- Englisch (2) (entfernen)
- Internet-based environmental reports by companies - towards an efficient and customised corporate environmental reporting (2000)
- Corporate environmental reporting makes good business and environmental sense. A big challenge for companies is to utilize the technical benefit of state of the art IT, especially of Internet-technologies and Internet-services. In this paper an approach of internet-based environmental reports by companies is presented. Three different levels are discussed: The first level deals with the basics of corporate environmental reports (CER) by companies. Illustrating the order within the emerging field of CERs a morphological box is suggested (section 1). Building on this, general requirements for corporate environmental reports are outlined (section 2). On the second level, the general reporting requirements are specified by IT-relevant challenges, seen as starting points for internet-based environmental reports (section 3). The immense technical benefit of using the Internet towards efficient, integrated, interactive, hypermedia-featured, dialog-oriented, and customised environmental reporting is analysed (section 4). On the basis of the technical benefit analysis, the state of the art of internet-based CERs is presented (section 5). The third level refers to the IT-application turning from the basics, IT-challenges and technical benefit to consequences for environmental reporting companies in practice. Thereby a fundamental framework for internet-based CERs is sketched (section 6). Grounded on this framework a basic architecture of an IT-implementation is explained (section 7).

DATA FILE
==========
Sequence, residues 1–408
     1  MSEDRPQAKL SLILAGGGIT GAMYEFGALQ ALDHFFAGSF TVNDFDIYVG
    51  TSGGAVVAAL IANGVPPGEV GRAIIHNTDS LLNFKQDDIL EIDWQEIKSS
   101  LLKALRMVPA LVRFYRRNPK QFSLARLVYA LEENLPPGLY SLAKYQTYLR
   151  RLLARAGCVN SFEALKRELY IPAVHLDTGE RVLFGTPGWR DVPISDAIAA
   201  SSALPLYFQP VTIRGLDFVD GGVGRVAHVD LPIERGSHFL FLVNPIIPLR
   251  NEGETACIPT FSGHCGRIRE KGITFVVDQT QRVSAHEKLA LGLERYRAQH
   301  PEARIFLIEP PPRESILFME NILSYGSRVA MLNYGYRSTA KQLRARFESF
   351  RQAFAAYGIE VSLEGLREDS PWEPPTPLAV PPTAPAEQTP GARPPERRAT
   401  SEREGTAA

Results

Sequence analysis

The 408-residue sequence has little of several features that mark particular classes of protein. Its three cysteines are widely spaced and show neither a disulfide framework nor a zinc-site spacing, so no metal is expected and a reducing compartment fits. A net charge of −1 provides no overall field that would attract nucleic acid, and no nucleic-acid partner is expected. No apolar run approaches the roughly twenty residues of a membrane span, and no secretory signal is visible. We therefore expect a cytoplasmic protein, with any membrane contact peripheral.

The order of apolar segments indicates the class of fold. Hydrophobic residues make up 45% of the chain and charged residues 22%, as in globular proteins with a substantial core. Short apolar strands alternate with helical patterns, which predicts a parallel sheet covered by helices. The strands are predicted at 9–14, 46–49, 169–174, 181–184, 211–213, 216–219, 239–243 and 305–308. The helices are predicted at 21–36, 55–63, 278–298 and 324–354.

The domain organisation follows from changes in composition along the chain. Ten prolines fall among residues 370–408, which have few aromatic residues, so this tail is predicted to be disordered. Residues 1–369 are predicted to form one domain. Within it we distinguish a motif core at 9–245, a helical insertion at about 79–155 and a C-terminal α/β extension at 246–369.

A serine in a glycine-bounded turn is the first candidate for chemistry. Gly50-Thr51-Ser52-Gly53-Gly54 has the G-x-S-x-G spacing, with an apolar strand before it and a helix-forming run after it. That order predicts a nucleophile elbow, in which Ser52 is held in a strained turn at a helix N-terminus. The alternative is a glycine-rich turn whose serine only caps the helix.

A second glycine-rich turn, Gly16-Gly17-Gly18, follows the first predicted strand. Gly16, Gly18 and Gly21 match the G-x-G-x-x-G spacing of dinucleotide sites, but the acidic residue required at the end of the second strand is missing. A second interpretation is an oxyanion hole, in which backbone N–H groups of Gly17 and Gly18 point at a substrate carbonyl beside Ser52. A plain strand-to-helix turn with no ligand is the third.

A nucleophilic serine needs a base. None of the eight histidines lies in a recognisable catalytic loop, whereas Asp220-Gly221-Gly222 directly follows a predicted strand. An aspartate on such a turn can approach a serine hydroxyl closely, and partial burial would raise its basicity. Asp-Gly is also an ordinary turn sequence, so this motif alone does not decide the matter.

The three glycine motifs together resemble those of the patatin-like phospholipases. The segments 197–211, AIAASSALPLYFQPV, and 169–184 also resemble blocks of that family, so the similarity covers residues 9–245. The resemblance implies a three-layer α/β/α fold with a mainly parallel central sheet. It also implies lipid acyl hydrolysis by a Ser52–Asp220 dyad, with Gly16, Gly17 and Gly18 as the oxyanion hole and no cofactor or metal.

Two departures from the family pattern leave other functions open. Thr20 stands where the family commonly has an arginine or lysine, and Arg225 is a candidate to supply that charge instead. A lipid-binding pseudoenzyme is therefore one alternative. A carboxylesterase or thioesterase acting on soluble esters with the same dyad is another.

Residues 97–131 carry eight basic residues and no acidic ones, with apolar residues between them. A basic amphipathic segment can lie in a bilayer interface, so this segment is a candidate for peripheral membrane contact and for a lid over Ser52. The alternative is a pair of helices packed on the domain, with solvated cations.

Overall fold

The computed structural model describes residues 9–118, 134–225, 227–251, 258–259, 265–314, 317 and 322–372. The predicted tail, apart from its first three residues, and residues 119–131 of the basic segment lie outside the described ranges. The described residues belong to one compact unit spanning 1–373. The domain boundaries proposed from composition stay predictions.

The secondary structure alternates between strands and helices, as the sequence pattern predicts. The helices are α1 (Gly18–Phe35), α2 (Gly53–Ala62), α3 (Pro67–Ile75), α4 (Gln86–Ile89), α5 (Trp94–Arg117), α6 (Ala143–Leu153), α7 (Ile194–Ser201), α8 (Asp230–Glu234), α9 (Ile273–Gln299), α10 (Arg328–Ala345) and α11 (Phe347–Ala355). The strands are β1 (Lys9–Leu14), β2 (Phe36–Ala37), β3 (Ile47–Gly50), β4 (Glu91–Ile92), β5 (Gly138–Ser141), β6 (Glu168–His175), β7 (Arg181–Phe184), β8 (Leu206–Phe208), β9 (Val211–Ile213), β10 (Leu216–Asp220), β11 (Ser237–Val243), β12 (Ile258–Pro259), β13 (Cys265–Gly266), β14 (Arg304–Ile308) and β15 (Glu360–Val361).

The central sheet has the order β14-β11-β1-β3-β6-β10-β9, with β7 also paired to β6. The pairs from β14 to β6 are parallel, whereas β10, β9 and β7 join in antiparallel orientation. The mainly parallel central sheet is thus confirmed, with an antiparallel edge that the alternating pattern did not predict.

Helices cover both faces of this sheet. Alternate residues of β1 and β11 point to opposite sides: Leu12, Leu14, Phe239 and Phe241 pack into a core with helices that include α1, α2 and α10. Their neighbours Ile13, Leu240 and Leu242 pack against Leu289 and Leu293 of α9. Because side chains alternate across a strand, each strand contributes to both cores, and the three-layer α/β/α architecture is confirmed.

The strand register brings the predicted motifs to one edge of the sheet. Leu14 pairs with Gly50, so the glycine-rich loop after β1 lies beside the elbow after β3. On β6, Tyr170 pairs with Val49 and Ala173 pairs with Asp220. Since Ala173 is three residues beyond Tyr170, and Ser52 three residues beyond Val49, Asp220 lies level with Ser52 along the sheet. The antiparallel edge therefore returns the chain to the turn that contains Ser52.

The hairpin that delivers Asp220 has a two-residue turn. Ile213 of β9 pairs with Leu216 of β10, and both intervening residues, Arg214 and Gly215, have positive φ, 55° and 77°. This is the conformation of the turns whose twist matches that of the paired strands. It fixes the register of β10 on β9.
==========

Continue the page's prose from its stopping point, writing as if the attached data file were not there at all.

- Industrial Ecology's Hidden Philosophy of Nature. Fundamental Underpinning to Use Nature as Model (2001)
- In its scientific sense, industrial ecology represents an emerging transdisciplinary field of studying industrial systems and their fundamental linkage with natural ecosystems. As a short form, industrial ecology is called the "science of sustainability". At the bottom of industrial ecology there is a refreshingly different perspective of understanding nature as model in comparison with other scientific disciplines and concepts of understanding nature e.g. in terms of "sack of resources", "biophysical limit", "something outside", "surrounding", or just "environment" as opposed to industrial systems. The keynote of industrial ecology's specific perspective of understanding nature is to balance the development of industrial systems with the constraints of natural eco-systems, analogous to an "industrial symbiosis". The goal is to contribute for laying a fundamental underpinning for industrial ecology in its scientific sense, in this case especially for its use of nature as model. Therefore an impressive battery of philosophical arguments is provided bringing to bear against the sort of probably raised fallacies and facile or hasty proclaimed critics by sceptics, hard-liners, and mainstream-scientists who often overlook industrial ecology's stimulating role towards sustainability.